The Nowicks had to hustle to find someone to fix the plumbing.
That’s exactly the kind of hassle they don’t miss about home ownership.
Paula also doesn’t miss grocery shopping, cooking, and cleaning, or walking down—and back up—a long flight of stairs to the kitchen to get that glass of water she forgot to carry up at bedtime.
After thirty years spent living in a grand, 120-year-old home in the McKnight Historic District in Springfield, Hank and Paula have traded home repairs and household chores for a more leisurely life. They have time to attend wine tastings, play billiards, and focus on activities that interest them. Paula is writing a self-help book about finding joy in one’s life.
“We couldn’t wait to escape all that responsibility and come here to relax and enjoy and live a very satisfying life,” Paula says.
Hank says, “I didn’t realize how enjoyable doing less would be. It’s an easy thing to get used to. We’re falling in pace with that kind of a schedule.”
Hank and Paula were the first residents to move to Glenmeadow after the COVID-19 restrictions eased. They moved in on July 2, 2020, and have been busy socializing and making new friends. Because our residents are wearing masks, Paula jokes that she knows people mainly from their glasses or hairdos.
“I’m really looking forward to the day when we won’t have those restrictions,” she says. “Glenmeadow is trying to ease back into some normality. They’re worried about keeping us safe, and we’re happy they’re keeping us safe.”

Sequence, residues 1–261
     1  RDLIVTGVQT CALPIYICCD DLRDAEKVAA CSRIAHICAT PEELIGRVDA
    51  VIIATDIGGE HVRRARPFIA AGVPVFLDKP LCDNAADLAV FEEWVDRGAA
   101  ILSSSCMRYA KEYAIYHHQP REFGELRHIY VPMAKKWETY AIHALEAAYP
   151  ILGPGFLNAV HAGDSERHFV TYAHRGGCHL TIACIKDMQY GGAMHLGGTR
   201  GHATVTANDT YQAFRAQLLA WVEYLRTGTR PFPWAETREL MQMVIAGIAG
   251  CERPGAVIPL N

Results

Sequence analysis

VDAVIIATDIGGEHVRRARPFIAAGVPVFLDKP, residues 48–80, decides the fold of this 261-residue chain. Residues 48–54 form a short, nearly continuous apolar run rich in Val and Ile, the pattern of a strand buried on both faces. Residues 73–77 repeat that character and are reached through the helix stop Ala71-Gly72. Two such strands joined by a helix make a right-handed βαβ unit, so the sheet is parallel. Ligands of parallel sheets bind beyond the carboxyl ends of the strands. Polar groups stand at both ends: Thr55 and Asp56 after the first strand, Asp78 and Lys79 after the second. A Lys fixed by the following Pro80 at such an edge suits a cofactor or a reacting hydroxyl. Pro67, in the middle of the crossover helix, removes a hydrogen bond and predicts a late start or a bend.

The Nowicks began the process of finding a Life Plan Community. They were eager to settle into a new home while they were still healthy and active, making the transition that much smoother.
“We looked at seven apartments at Glenmeadow, and it was fun to see all the different layouts,” Paula says, noting that she held out for all the amenities she was seeking—southern exposure, a balcony, and two bedrooms and bathrooms.
They were scheduled to move in, but COVID temporarily shut the door. “I would call every month and say, ‘Any chance we can move in?’” recalls Paula.
In the spring of 2020, they got the green light and finalized plans to sell their home.
Paula is enjoying the simplicity and convenience of community life. “I used to love to cook, kind of a Julia Child cook, and then, as the years went on, I didn’t want to chop another onion in my whole entire life,” she says. “The thought that somebody would be preparing my meals was incredibly appealing.”
At Glenmeadow, Paula and Hank enjoy taking their meals twice a week in our dining room. She says some entrees have been “exquisite, with wonderful spices and sauces.”
Before she retired, Paula was an adjunct professor at the University of Massachusetts, focused on creativity in education. Now, she is writing a book, called “Joy for Sad Sacks,” which she said is about helping to relieve stress. “I want to help people begin to see all the comfort and beauty and playfulness that there is in this world that you miss when you live in fear and anxiety.”
Hank was trained as a chemical engineer and worked with Monsanto for 30 years before transitioning into environmental engineering. Later in his career, he taught environmental science courses at Worcester Polytechnic Institute and ran an independent firm in which he consulted with companies that produce or use toxic chemicals. Hank only recently served his last client.
“I expected community living to be dull and commonplace with a certain pattern and way of life,” Hank says. “It’s not that way at all. We’ve made many friends—real enjoyable people. Living at Glenmeadow has opened up new ideas and new vistas.”